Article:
Solar in BC's Climate

A solar hot water system does require the sun, and yes, even B.C.'s 'wet' coast gets enough.

Most people think that B.C. is not a good place for solar because of the weather, but this is a myth! Since the supply of solar energy comes from light generated by the sun, rather than from direct sunlight, even cloudy days can provide enough energy for up to 60 percent of domestic hot water needs. Also, our province actually gets quite a lot of sunshine, with most people in B.C. enjoying an average of 2,000 hours of sunshine per year, according to the Environment Canada Climate Weather Office. If you think of this as 12 hours of daylight per day, this is almost five and a half months of sunshine – an ample amount for solar heating to be effective. While we don’t receive the highest amount of sunshine in the world, we do have more than Germany and China, the two leading countries in solar hot water.

In Canada, there is enough solar energy to generate an average of 2500 kWh of energy per year for heating domestic hot water, which is a lot more than you’d think! In other words, a solar water heater can supplement up to half of the water heating energy needs for a typical family of four.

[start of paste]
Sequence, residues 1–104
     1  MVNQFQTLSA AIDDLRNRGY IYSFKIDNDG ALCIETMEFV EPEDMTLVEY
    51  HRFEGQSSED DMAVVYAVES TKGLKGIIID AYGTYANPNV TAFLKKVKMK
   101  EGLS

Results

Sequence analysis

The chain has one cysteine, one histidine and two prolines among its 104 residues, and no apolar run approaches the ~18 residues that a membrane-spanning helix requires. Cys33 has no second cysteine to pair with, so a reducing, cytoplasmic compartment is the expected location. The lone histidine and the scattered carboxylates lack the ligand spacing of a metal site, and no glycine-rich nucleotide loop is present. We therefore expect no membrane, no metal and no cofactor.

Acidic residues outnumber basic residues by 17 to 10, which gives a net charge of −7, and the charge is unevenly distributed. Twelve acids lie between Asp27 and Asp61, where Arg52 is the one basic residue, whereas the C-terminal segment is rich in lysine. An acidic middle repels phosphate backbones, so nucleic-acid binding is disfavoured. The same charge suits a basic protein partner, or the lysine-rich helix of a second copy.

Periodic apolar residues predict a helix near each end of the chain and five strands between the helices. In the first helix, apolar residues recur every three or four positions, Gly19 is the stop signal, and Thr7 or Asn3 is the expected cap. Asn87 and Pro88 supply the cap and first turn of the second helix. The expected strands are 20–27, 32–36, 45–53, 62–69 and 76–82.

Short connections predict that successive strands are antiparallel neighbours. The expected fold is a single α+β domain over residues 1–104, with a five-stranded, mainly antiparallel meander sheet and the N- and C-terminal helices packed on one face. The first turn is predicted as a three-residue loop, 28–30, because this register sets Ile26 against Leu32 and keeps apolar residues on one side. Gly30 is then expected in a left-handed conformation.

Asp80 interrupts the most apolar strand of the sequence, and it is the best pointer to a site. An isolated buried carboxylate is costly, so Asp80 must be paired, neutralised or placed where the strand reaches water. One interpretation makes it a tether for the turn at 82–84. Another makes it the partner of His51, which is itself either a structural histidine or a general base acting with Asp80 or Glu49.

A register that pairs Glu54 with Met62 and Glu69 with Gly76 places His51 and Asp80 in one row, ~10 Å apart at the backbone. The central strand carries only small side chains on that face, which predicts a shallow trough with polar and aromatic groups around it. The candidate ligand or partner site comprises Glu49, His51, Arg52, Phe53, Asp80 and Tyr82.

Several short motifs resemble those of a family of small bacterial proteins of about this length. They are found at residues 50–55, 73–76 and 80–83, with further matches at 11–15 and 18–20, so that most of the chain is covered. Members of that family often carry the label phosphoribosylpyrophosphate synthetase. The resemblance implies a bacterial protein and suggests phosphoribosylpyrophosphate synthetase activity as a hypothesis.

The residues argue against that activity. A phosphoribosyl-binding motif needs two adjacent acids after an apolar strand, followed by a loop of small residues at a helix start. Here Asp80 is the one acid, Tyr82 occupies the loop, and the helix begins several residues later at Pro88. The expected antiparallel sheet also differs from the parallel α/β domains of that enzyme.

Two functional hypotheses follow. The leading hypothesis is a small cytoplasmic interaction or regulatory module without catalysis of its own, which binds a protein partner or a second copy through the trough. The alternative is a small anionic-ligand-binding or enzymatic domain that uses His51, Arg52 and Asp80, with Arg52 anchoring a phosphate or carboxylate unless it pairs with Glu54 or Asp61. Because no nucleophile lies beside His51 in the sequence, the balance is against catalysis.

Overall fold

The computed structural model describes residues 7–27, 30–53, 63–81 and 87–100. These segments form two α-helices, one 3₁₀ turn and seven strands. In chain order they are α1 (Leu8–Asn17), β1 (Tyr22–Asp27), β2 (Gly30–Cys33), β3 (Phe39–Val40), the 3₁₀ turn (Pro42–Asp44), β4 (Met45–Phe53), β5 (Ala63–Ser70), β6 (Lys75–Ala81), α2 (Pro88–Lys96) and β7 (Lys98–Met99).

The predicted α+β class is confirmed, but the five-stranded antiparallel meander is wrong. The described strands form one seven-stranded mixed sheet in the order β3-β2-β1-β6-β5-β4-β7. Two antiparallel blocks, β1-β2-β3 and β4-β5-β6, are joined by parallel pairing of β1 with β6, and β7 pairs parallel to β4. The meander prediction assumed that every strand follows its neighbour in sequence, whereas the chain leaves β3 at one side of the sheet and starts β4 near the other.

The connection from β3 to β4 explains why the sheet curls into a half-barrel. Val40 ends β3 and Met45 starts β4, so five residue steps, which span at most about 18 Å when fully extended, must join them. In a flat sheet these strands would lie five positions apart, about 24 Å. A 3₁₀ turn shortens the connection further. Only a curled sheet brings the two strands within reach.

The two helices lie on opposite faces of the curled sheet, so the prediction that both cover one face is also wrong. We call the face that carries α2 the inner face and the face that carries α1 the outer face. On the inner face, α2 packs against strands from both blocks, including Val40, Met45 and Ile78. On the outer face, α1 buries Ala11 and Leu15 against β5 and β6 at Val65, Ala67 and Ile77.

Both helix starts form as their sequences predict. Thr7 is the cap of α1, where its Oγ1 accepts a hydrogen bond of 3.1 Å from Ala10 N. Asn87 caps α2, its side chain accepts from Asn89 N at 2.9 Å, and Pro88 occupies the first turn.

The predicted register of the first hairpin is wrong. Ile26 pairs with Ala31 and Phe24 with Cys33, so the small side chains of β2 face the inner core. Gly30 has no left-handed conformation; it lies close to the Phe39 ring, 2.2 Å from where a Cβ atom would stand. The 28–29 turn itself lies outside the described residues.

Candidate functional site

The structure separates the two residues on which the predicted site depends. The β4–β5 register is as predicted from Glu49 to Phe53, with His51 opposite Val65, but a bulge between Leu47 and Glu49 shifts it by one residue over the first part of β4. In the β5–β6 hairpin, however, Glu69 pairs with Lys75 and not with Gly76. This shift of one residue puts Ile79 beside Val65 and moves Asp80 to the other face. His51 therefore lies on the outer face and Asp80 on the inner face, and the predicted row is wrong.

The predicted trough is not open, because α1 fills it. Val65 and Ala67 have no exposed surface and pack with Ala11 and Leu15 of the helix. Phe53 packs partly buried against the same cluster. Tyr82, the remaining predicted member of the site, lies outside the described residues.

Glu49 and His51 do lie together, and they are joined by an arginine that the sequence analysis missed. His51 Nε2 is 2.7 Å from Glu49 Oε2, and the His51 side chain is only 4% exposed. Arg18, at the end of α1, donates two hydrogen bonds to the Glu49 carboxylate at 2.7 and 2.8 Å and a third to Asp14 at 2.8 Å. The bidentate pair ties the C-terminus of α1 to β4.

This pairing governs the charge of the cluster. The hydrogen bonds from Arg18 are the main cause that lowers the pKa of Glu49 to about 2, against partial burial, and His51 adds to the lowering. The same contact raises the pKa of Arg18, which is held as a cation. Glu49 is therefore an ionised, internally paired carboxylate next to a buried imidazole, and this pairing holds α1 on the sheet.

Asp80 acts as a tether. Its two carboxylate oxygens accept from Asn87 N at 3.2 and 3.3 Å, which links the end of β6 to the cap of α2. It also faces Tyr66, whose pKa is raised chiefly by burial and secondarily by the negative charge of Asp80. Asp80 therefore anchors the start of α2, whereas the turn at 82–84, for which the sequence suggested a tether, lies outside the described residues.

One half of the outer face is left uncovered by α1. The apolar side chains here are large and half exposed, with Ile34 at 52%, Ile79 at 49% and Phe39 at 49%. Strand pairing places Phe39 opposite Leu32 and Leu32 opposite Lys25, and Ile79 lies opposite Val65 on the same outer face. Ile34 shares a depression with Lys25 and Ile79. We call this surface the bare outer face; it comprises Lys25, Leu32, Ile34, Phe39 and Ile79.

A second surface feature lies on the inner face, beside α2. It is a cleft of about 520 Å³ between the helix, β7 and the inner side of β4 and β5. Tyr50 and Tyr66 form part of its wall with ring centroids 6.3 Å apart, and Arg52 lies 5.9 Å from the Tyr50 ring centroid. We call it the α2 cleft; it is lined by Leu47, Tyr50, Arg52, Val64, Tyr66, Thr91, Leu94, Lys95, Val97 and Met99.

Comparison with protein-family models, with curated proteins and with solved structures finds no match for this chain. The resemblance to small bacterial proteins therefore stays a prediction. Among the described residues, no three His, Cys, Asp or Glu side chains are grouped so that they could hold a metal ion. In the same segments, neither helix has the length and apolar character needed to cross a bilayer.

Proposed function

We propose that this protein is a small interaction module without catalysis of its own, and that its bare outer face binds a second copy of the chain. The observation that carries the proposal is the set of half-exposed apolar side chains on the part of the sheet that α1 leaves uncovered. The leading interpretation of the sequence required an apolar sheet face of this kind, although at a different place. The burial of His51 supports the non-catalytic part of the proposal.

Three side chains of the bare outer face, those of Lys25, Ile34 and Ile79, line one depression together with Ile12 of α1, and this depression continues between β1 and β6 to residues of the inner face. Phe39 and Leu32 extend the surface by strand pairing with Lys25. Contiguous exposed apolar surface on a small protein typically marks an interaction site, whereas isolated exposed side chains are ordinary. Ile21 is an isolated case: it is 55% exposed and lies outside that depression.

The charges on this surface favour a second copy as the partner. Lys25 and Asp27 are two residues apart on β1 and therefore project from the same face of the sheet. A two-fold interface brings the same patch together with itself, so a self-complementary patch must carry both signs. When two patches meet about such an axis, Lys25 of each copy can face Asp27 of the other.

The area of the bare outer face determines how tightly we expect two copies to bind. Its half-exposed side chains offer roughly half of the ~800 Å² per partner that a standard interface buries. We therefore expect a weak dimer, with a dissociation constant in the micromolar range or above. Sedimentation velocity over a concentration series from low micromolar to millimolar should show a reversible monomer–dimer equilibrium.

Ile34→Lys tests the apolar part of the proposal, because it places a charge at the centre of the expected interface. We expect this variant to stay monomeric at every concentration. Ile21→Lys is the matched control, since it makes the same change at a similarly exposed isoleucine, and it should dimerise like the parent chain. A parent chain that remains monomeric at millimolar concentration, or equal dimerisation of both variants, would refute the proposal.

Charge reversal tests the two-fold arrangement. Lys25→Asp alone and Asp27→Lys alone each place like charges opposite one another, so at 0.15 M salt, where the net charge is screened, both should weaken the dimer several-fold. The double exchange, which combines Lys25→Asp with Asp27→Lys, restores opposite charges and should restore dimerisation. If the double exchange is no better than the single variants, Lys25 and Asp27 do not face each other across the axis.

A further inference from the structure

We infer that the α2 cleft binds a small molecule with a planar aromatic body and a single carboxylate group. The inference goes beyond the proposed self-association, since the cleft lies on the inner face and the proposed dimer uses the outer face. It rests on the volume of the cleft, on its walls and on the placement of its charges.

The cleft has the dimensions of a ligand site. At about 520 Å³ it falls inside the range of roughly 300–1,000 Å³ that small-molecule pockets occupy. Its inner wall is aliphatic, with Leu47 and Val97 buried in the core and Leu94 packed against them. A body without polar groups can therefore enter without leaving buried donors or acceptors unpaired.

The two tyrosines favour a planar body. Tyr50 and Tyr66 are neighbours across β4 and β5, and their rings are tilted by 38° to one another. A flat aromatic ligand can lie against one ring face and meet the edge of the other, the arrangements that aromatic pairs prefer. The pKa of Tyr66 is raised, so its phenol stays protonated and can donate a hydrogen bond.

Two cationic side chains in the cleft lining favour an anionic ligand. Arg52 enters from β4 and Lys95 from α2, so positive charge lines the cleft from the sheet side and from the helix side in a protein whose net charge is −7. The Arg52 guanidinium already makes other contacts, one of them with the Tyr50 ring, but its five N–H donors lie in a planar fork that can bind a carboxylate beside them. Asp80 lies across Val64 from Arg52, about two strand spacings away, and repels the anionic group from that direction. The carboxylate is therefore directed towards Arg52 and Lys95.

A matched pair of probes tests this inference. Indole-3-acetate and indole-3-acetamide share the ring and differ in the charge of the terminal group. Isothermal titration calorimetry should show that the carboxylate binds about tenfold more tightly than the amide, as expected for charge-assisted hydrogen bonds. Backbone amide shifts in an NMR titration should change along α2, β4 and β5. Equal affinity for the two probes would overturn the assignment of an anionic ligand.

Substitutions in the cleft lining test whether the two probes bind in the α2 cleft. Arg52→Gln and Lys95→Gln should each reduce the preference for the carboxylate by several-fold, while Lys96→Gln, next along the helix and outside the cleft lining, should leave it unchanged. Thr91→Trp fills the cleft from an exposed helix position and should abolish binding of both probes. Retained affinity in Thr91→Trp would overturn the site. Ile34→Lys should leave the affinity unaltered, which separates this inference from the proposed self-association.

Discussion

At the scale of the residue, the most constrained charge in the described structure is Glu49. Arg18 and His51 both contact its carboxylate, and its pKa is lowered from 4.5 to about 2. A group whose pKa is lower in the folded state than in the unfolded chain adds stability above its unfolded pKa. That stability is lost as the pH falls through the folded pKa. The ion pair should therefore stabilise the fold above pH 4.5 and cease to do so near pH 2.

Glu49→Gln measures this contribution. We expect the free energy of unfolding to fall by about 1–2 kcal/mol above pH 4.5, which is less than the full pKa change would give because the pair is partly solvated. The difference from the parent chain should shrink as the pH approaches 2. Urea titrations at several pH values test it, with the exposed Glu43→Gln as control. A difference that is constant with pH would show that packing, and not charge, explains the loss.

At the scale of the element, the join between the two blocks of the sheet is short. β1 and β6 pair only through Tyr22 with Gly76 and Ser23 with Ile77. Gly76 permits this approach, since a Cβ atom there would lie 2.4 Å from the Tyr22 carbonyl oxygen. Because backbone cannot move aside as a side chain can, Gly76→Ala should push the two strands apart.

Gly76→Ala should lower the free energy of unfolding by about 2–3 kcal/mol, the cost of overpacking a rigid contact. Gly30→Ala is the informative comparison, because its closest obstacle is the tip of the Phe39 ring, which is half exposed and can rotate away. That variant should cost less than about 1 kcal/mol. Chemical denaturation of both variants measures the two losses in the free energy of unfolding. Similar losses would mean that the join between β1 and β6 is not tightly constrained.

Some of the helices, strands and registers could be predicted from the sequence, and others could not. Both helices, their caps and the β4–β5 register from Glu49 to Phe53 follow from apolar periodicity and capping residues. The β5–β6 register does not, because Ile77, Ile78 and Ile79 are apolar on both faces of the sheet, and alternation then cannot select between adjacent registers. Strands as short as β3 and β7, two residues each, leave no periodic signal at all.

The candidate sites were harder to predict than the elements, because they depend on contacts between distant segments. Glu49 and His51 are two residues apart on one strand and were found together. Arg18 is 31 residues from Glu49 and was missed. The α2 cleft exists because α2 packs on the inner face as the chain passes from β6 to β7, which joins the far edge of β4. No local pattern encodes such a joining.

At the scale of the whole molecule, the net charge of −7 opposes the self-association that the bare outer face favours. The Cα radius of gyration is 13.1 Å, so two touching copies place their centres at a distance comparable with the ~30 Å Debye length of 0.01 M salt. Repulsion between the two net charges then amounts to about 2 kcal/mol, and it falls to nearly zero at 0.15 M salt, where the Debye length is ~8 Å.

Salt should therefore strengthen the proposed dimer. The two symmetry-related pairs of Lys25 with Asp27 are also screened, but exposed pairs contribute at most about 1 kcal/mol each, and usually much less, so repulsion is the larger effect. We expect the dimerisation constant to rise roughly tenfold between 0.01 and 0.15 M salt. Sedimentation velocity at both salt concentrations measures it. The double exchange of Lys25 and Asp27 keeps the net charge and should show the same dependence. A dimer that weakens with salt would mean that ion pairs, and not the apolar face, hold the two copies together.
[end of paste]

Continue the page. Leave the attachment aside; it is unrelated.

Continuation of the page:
In Northern regions of B.C., such as Bella Coola, the sun shines for around 1,500 hours a year, while folks in Fort St. John and Dawson Creek bask in almost 2,200 sunshine hours. In Southern regions such as Victoria and Vancouver the sunshine provides roughly 2,100 hours per year.

As shown in the graph below, the average daily solar potential in Vancouver is only slightly less than that of Miami, Florida. While Miami shows greater consistency of solar potential from month to month, Vancouver has greater seasonal extremes. Taken across a whole year Vancouver’s annual daily average solar energy production is only 8% less than Miami.

The Vancouver data obtained from NRCan’s Solar Resource Maps of Canada
The Miami data obtained from the US National Solar Radiation Database